• Experience a teaching approach that promotes research-orientated pedagogy and encourages critical engagement with literature and media for young people
  • Enjoy personalised support and mentoring through one-to-one supervision
  • Gain knowledge and develop research skills to continue to a PhD in children's literature
  • Develop skills for employability across a range of institutions including academia, publishing and reading promotion

What does this course offer?

As well as providing a strong grounding in critical perspectives, this unique interdisciplinary course offers several distinctive elements which distinguish it from other courses on offer in other universities:

  • a prominent theoretical focus, including areas such as ecocricism, posthumanism, cognitive poetics and narratology
  • qualitative action research involving empirical work with children
  • a strong emphasis on picturebooks, multimodal texts and visual literacy
  • coverage of genres such as poetry for children
  • experience in archival research
  • a seminar series where visiting scholars, guest academics, writers or illustrators give a talk followed by the opportunity for questions and discussion.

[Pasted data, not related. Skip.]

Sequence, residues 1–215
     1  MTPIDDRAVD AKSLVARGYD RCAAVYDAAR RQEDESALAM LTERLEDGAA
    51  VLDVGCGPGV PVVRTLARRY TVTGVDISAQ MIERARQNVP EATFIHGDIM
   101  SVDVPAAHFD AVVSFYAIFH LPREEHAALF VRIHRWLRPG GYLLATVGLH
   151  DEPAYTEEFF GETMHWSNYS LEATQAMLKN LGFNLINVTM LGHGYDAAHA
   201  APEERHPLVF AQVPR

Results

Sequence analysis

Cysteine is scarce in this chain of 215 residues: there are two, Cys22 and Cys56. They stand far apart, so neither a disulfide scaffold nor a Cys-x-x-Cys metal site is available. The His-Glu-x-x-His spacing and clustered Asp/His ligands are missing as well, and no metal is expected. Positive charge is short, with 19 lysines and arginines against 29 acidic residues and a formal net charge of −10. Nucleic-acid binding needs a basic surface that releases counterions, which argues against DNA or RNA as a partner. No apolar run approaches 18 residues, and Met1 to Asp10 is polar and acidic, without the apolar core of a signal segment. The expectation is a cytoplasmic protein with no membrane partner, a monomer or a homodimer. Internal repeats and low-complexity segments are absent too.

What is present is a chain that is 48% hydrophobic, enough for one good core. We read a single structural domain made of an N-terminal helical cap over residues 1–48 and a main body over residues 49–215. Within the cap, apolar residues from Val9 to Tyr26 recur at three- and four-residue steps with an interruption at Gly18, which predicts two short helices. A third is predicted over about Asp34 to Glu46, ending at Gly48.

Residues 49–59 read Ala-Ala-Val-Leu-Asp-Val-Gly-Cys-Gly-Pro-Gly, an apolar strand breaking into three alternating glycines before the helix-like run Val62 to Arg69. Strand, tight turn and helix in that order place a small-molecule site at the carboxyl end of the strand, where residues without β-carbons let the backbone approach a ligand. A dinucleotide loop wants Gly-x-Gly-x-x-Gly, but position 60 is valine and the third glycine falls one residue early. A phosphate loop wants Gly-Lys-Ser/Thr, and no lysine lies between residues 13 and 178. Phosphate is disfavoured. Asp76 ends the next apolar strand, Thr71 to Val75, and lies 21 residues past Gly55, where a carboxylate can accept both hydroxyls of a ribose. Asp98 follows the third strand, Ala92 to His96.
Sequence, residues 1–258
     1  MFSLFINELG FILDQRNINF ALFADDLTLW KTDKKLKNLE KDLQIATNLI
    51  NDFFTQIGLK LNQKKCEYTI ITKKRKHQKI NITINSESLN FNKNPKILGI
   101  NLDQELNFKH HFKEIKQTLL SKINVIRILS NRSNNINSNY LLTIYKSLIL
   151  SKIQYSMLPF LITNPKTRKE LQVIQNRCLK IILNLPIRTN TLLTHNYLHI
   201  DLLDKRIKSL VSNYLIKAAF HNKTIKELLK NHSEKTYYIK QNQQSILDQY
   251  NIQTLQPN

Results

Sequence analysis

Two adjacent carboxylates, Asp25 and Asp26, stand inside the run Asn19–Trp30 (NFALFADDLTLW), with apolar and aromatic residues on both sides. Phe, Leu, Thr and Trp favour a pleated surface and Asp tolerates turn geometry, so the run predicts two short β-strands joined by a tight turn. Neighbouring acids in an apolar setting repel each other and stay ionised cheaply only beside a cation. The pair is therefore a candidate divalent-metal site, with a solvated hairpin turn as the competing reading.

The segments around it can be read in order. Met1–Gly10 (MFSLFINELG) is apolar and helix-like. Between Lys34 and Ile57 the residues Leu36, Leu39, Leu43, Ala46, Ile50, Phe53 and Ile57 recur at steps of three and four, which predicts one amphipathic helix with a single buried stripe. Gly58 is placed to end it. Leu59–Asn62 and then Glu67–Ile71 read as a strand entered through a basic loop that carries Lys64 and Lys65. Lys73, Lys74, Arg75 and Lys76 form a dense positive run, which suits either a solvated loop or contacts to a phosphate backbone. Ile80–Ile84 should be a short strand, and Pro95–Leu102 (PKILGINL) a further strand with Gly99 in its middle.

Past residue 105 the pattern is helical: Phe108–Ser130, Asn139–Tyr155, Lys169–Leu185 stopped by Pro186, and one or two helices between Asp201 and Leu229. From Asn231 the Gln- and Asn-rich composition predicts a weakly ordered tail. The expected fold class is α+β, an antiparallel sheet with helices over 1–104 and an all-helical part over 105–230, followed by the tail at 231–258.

In addition, students are welcomed into a thriving research community with opportunities to interact with many students who have previously taken our MPhil/MEd route and are now embarked on doctoral research on children's literature.

coloured pensHow is the course organised?

  • Module 1: Texts, Contexts and Childhood
  • Module 2: Perspectives on Children's Literature
  • Module 3: Visual Texts
  • Module 4: Texts and Readers

Course assessment

The course is assessed through three assignments, each designed to be personally rewarding as well as professionally enlightening and intellectually challenging:

  • case study of children's texts that makes use of library-based research (from archival to digital), focusing on texts for children with particular reference to changing constructions of childhood